Although veterans who served boots-on-ground in Vietnam are now presumptively service-connected for Parkinson’s, other causes of Parkinson’s are becoming more prevalent. This post is going to discuss Parkinson’s and how to show direct service-connection between Parkinson’s and exposure to chemicals.
Parkinson’s disease (PD) is a chronic and progressive movement disorder, and is the most common neurodegenerative movement disorder of aging. Parkinson’s affects the nerve cells in the substantia nigra area of the brain that produce dopamine. Dopamine is a chemical that sends messages to the part of the brain that controls movement and coordination. As Parkinson’s progresses, the amount of dopamine produced in the brain decreases, leaving a person unable to control movement normally.
Because Parkinson’s is a progressive disease, the symptoms vary in manifestation and duration. Listed below are signs of Parkinson’s at the initial/mild stage, the secondary/moderate stage, and advanced stage.
- Resting tremor
- Bradykinesia – slow movement
- Rigidity – stiffness & inflexibility of the limbs, neck & trunk
- Postural Instability – tendency to be unstable when standing upright
- Change in posture and facial expressions
- Freezing – the temporary sensation of one’s feet being glued to the floor
- Mask-like expressions
- Involuntary movements
- Great difficulty walking; in wheelchair or bed most of the day
- Inability to live alone
- Assistance needed with all daily activities
- Cognitive problems, including hallucinations and delusions
- Stooped posture, a tendency to lean forward
- Impaired fine motor dexterity and motor coordination
- Impaired gross motor coordination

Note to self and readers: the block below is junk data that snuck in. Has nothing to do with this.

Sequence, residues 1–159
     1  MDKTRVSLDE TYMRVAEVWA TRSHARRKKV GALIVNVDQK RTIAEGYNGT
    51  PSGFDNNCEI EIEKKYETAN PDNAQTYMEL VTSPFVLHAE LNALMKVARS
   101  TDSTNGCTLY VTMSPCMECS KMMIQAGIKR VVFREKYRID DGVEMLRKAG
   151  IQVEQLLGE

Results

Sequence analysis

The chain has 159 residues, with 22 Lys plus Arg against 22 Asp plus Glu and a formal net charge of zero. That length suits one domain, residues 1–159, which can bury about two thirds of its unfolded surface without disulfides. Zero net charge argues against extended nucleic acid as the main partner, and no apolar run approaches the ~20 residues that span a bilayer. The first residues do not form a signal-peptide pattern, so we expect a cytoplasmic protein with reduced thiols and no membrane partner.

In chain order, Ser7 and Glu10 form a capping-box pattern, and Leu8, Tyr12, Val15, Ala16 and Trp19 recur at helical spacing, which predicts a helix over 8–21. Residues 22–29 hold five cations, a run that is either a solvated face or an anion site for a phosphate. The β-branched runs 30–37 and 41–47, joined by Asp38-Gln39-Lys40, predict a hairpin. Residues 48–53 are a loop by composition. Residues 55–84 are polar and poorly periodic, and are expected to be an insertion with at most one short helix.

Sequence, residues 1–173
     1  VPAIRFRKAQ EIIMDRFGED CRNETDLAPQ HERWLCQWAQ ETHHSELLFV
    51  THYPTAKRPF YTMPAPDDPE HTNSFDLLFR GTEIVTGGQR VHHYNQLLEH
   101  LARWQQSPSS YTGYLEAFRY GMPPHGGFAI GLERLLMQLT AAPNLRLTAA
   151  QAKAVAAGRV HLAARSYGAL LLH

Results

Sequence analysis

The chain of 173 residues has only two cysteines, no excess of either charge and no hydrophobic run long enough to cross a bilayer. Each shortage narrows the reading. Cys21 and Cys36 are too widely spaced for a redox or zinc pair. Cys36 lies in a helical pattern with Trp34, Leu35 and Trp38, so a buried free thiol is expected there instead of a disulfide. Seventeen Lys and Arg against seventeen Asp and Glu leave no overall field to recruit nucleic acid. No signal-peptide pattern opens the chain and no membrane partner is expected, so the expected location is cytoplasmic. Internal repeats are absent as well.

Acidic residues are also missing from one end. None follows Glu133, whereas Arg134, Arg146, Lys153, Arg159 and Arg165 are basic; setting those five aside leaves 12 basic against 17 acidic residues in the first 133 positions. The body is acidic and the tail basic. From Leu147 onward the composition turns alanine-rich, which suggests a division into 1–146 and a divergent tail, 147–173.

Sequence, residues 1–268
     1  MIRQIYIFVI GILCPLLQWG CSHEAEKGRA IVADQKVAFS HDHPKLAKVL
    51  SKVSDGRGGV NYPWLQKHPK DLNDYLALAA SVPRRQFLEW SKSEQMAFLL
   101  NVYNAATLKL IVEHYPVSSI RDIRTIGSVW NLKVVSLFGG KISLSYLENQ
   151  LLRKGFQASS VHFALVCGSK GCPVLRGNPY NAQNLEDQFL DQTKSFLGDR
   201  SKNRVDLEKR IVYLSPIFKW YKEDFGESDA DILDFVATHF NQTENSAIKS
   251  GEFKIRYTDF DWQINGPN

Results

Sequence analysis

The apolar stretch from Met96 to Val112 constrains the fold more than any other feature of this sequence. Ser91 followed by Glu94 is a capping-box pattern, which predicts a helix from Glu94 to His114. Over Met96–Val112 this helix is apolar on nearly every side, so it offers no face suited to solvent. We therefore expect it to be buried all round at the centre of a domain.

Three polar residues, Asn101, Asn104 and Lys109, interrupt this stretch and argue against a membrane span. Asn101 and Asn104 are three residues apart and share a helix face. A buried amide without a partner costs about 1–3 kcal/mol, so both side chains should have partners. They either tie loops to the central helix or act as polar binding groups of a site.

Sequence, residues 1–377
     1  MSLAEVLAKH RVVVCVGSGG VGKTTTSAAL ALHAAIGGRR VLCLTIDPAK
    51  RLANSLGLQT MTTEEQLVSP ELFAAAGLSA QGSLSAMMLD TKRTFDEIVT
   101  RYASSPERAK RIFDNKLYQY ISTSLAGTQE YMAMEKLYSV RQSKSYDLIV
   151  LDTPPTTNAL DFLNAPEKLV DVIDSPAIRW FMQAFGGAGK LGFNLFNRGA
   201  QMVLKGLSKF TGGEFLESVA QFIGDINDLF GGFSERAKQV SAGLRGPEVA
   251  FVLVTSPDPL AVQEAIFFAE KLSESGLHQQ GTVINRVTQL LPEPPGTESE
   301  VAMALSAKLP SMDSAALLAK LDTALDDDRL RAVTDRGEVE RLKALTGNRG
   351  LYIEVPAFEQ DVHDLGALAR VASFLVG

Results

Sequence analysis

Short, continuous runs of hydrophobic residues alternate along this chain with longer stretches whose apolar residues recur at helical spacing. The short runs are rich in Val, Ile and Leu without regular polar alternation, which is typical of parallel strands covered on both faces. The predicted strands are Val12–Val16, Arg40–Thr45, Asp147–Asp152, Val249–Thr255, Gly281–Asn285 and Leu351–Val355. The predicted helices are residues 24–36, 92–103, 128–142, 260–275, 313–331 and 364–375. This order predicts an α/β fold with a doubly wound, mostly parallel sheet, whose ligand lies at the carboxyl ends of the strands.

- Poverty of movement (decreased arm swing)
- Speech problems, such as softness of voice or slurred speech caused by lack of muscle control
- Difficulty swallowing
- Sexual dysfunction
In spite of decades of study, the causes of Parkinson’s have yet to be determined. Many experts say that Parkinson’s is caused by a combination of genetic and environmental factors, but these vary case by case. Certain environmental factors, such as occupational exposure to chemicals, have been linked to Parkinson’s.
Of the chemicals that have been most suspected risk factors for Parkinson’s, TCE holds the most proof of causing Parkinson’s. A colorless, non-flammable halocarbon, trichloroethylene dissolves most fixed and volatile oils. It is a powerful solvent action for fats, greases, waxes, oils, and tars. Type 1 TCE is used in dry-cleaning and for general solvent purposes. Type 2 TCE is used for vapor degreasing of metals. Over 90 percent of TCE is consumed by the metal degreasing and dry-cleaning trades.Studies of discordant twins, as well as experiments in laboratories, have shown that people chronically (eight to 33 years) exposed to TCE were more likely to develop Parkinson’s than the those who had not.
Military veterans have been seeing these results more than most. For decades, TCE had a wide variety of purposes in the military—from paint thinner to parts cleaner— and involved constant handling. After months or even years of inhaling and handling this chemical with little or no protection, veterans see Parkinson’s symptoms appear. While chemical exposure resulting in Parkinson’s has not been officially recognized by the VA as a presumptive disease, it is still possible to get VA benefits. In order to increase chances of winning these kinds of cases, it would be advisable to get a medical opinion by a doctor or specialist in that field. The verbiage that the VA needs to see is that “it is at least as likely as not” that the veteran’s conditions were caused by (for the purposes of this post) constant handling of TCE, and thus are service connected.